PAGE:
Day 2 - Arrival in Srinagar
We arrived in Srinagar tired and are eager to start seeing a little more in the places we visited. So many kilometers and so many means of transport in a few days exhaust enough. The first thing that catches our attention is the prevailing security. Although it does not bother me as nothing seems to suggest that the situation is currently unstable.
We get off the bus and start walking looking for a group that brings us closer to the city. We get on with some in the car without knowing where we are going. The first thing that caught our attention was the lake. The landscape that appeared before us did not correspond to what we were seeing and knowing about India. Dal lake is accompanied by mountains and snowy peaks.
We stopped at Dal Lake and climbed to a shikara, a typical boat like the Venetian gondola, which is used for transport, both of goods and people. A boat that circulates around the lake takes us from the mainland to the houseboats. In the period between the 1960s and 70s, the houseboats of Srinagar experienced a moment of great fame when George Harrison (one of the Beatles) met Ravi Shankar to play the sitar.
We arrive at one that is quite good and the bargaining begins. Finally, after the uncertainty and haggling, we book for 3 nights with lunch, dinner, and excursions. It was the last days of Ramadan and the mosque next door would compulsively sound the prayers at a disproportionate volume for one hour each night, from 3 to 4 in the morning. The houseboat has several rooms. There is a large double room at one end.
There are other spacious rooms along with a corridor and a dining room and a living room at the other end. It goes to the terrace of the boat that overlooks the lake. Here I had a cup of tea in the Kashmiri style (terribly addictive) with almonds and cardamom and some bread.
From Srinagar, there is a kind of boulevard with shops on one side and a lakeside walk on the other side from where the shikaras are taken to go to the houseboats. From our houseboat, we take a ride in the shikara. During the boat ride, we see its old canals, the houses of the people. An imposing fortress, the Hari Parbat, completely dominates the city from the top of a nearby hill.
Srinagar lends itself to be walked, and we did it, knowing in passing the attractions of the place. The cold felt good, for the first time we had used a diver, and also a jacket! Srinagar is a city full of mosques like Jama Masjid with posters in Urdu. We walk through the old city to the green mosque, which is under construction because it was burned down two years ago.
Among all the mosques, Hazratbal stands out not for its charm but for its importance, as there is a relic of the hair of the beard of the prophet Muhammad. My visit was merely anecdotal: the classic "I was here and I took my picture", to continue with what I really like. It is to get lost in the city and converse with its inhabitants who, by the way, are of a hospitality that disarms.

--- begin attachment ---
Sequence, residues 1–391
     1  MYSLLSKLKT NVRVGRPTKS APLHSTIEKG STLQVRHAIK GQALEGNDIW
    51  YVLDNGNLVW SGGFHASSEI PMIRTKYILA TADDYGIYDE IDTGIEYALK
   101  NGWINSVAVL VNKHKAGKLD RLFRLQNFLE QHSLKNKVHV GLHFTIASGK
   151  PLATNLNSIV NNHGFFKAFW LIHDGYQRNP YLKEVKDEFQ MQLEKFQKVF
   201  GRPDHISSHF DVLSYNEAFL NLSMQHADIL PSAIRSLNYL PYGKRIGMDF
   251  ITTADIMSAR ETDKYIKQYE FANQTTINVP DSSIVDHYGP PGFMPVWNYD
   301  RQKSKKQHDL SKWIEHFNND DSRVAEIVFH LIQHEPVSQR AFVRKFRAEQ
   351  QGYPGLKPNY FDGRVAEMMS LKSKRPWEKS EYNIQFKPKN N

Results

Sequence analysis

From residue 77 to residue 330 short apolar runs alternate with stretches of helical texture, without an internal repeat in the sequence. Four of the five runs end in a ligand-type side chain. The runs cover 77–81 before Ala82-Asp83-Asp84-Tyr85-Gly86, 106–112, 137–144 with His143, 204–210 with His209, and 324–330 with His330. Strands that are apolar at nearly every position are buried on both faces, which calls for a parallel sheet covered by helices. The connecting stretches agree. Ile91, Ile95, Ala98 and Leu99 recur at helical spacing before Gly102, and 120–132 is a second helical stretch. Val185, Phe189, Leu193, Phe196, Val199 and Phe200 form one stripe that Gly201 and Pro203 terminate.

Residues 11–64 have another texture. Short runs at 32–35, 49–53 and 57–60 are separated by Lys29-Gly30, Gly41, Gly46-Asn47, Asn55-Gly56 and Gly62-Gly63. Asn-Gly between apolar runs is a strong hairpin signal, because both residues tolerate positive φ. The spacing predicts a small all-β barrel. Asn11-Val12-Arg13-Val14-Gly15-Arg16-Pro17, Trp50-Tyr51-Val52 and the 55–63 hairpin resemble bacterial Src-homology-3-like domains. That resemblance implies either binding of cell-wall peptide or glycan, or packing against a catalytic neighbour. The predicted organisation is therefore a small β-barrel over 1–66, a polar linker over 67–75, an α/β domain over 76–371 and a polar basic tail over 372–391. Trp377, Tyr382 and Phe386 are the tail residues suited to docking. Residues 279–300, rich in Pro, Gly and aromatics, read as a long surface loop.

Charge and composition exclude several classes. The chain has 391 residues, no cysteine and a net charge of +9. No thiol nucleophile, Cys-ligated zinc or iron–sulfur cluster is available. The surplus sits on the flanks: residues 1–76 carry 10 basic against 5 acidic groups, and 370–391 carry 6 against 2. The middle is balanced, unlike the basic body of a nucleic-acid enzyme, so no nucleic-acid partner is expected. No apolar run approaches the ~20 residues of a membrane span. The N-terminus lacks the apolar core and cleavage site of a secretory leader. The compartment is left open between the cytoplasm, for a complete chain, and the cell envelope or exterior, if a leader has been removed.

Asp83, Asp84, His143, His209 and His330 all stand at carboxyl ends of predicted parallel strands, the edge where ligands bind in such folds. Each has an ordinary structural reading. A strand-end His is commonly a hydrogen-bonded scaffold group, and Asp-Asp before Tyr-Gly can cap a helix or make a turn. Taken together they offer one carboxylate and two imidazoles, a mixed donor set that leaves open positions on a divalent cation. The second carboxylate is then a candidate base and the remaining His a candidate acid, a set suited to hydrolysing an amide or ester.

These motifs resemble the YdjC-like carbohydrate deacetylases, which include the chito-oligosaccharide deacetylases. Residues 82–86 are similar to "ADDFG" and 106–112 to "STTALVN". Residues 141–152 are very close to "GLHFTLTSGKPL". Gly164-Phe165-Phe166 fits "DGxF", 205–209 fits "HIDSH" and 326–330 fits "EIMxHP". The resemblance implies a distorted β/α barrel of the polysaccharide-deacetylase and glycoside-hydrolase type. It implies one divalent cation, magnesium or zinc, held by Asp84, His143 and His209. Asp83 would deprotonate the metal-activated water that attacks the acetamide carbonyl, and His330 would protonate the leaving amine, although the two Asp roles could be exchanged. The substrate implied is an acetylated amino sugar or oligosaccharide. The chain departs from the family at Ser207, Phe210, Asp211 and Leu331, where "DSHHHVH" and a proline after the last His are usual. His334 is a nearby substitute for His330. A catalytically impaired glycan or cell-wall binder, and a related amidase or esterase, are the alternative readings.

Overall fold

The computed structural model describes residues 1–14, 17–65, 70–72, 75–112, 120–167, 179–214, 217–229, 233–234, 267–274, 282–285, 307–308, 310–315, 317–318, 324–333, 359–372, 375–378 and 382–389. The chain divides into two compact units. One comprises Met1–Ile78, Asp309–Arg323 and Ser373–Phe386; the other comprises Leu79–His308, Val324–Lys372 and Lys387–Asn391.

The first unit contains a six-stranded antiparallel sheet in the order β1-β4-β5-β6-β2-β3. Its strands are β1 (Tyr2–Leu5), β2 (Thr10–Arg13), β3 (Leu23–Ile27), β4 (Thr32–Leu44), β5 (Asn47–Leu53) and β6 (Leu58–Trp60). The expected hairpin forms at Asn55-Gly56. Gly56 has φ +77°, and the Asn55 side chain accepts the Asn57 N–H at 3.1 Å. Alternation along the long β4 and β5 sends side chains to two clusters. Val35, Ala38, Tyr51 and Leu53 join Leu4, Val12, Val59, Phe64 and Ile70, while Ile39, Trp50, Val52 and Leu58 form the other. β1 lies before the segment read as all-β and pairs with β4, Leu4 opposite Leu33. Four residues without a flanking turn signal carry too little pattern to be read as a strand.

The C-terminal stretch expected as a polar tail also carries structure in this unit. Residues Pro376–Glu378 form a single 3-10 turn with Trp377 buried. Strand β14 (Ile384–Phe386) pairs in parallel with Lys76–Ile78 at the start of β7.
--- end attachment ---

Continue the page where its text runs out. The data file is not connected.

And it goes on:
We no longer saw temples or Sikhs walking down the street. The women and the different types of veils do not stop calling our attention. There are some who are all covered in the burka, where we cannot see their eyes. There are others whose eyes can be seen. There are still others who just cover their mouth and some more daring just cover their hair. Another new culture presented itself to us.
We approach the tomb of Jesus Christ. Yes, the tomb of Christ or his "alternative" grave, to be totally accurate. I had read several times about this legend of Rozabal. Not only did I find it locked with a padlock every time I went, but they also did not let me take any photographs of the building. At least I can say that the windows are open. They are large enough to see perfectly inside, where the coffin is located and where the body of Christ supposedly rests.
From there we go to Nageen Lake, which is spectacular. Water lilies are hunted by the winter. Their flowers completely bloomed are withering. The stems and the lotus leaves, stylized as in an Art Nouveau decoration, emerge from the mist, with tendrils laden with pink flowers like the sunset. Another thin shikara with canopy appears in the distance, then disappears and reappears like a ghost.
It passes beside us silently, occupied by a figure lying wearily on a sofa. This watery paradise evokes the Victorian romanticism. The haze thins out, revealing a sumptuous backdrop of mountains. There is the Pir Panjal. The guide takes us to a demonstration of making carpets even though I asked him not to do it. The gentleman tells me that if I do not want carpets, maybe I want pashmina shawl, sweaters or handkerchiefs.
Watching the lake from the houseboat, at night, is a marvel. Through the wide open windows, we can admire Dal Lake, and the full moon over the mountains that frame the wonderful view of the water, beyond which lies the region of Ladakh. The only noise that is heard comes from the splashing of the shikaras that cross the river. Srinagar was also the first place where we could sleep well, without so much heat.